Zimbabwe Finance Minister asked to explain RTGS dollar to rural people


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Zimbabwe Finance Minister Mthuli Ncube, who has been under pressure to redollarise as the country’s local currency the RTGS dollar continues to fall against the greenback with prices rising almost daily, was yesterday asked to explain what RTGS meant because most people in the rural areas did not know the meaning of the term.

Senator Ndlovu asked Ncube if it was feasible to translate RTGS into indigenous languages so that people could understand what it is.

Ncube said there was no need to explain RTGS in indigenous languages.

“I thank the Hon. Sen. for the question.  I also understand that this word is also just quite big, it needs to be explained.  However, there is no need for us to explain it in indigenous languages.  Real Time Settlement System (RTGS) is actually our dollar.  You just tell the people that RTGS is our dollar, just that.  They can pay through ecocash, swipe and others may use the bond.  The bond and RTGS are equal.  This is our position as government.  There is no need for us to explain that in indigenous languages, it is just our dollar.” He said.

Q &A:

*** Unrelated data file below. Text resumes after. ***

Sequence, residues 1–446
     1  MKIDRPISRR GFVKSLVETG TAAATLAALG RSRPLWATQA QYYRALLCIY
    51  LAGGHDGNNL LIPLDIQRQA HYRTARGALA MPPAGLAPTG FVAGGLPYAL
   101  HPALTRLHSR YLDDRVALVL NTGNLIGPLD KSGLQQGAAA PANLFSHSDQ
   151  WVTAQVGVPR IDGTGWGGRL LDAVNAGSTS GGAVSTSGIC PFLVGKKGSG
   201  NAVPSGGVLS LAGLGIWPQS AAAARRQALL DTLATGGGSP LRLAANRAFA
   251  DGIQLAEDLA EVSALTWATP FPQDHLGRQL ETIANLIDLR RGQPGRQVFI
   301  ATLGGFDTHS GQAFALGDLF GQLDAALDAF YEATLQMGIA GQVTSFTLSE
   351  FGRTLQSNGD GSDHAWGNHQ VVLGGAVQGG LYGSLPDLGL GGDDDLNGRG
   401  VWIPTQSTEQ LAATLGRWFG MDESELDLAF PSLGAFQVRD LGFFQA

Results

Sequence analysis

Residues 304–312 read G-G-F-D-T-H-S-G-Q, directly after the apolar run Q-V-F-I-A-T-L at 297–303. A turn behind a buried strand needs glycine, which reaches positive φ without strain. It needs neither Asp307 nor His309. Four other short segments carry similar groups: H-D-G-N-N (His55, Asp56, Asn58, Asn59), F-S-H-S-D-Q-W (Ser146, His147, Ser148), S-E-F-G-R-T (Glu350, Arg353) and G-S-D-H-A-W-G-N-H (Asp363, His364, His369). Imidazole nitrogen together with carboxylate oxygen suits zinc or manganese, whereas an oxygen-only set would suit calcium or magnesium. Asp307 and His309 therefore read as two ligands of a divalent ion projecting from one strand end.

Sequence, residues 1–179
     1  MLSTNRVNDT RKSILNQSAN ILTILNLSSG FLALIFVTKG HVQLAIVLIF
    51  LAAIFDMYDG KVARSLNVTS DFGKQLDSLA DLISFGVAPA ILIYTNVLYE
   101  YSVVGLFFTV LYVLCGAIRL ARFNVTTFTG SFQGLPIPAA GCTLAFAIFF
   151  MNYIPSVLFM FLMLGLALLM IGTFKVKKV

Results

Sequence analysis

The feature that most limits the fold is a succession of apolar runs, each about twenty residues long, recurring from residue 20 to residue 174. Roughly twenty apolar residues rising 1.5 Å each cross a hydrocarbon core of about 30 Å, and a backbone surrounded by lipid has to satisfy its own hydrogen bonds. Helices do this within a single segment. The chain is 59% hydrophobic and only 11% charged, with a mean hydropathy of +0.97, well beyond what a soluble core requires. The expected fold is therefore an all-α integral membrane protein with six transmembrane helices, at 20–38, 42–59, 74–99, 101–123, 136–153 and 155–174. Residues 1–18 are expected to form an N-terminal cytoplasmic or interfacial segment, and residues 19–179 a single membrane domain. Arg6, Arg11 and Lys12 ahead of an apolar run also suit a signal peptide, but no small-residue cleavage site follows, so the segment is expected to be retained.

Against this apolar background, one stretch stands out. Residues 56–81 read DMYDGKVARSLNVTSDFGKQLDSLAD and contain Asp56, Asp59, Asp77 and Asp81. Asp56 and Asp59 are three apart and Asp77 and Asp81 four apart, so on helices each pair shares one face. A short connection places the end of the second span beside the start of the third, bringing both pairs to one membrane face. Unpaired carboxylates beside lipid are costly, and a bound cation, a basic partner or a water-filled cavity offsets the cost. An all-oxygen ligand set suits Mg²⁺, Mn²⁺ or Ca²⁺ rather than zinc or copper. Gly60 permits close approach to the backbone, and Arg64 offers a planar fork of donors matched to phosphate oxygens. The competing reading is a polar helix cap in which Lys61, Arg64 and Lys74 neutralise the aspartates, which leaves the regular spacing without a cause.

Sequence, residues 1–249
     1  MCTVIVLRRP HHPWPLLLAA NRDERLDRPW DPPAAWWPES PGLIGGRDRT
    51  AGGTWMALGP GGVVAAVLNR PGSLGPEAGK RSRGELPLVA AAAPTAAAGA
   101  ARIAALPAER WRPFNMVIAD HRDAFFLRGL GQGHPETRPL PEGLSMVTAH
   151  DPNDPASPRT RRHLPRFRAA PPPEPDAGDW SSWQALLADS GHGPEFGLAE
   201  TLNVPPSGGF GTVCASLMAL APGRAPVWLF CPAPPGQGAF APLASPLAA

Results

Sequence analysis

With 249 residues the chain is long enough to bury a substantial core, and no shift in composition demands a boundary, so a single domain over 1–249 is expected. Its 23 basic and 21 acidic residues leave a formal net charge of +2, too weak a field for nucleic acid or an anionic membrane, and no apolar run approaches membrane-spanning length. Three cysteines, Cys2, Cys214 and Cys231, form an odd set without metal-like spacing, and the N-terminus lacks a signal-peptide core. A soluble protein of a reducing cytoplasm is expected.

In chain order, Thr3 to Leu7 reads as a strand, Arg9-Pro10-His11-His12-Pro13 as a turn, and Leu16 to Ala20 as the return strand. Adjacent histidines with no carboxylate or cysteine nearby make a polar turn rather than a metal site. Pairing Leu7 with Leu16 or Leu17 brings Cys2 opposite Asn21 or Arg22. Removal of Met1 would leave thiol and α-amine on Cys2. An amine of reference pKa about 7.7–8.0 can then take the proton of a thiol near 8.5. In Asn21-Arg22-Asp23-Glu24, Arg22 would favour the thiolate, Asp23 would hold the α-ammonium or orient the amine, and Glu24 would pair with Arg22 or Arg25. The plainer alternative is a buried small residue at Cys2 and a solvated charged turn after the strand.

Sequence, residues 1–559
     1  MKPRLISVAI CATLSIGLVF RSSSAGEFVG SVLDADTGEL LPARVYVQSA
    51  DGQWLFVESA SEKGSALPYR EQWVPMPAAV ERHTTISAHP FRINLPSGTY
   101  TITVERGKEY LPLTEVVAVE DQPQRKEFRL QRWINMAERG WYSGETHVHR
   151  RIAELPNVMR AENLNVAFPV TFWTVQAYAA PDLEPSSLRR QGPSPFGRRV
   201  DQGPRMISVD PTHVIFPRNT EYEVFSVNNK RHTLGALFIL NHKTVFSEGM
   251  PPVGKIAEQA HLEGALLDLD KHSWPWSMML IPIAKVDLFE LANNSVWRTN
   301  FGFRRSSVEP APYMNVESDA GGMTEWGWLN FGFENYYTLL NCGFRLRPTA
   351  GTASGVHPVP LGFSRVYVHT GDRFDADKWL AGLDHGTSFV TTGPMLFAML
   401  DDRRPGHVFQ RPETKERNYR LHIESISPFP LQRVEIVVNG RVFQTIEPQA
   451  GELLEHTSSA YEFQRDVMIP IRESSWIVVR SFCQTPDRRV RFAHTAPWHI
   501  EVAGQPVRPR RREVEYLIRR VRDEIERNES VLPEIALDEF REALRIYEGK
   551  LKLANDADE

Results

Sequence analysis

HON. SEN. P. NDLOVU: I thank you Madam President.  My question is directed to the Minister of Finance and Economic Development. Are you aware that people do not know the meaning of the term RTGS in the rural areas? Is it feasible for you to translate that into indigenous languages so that people understand what RTGS is?  I thank you.

HON. PROF. M. NCUBE: Madam President of the Senate, thank you.  I thank the Hon. Sen. for the question.  I also understand that this word is also just quite big, it needs to be explained.  However, there is no need for us to explain it in indigenous languages.  Real Time Settlement System (RTGS) is actually our dollar.  You just tell the people that RTGS is our dollar, just that.  They can pay through ecocash, swipe and others may use the bond.  The bond and RTGS are equal.  This is our position as Government.  There is no need for us to explain that in indigenous languages, it is just our dollar – [HON. SENATORS: Hear, hear.] – I thank you Madam President.

(138 VIEWS)

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Charles Rukuni
The Insider is a political and business bulletin about Zimbabwe, edited by Charles Rukuni. Founded in 1990, it was a printed 12-page subscription only newsletter until 2003 when Zimbabwe's hyper-inflation made it impossible to continue printing.

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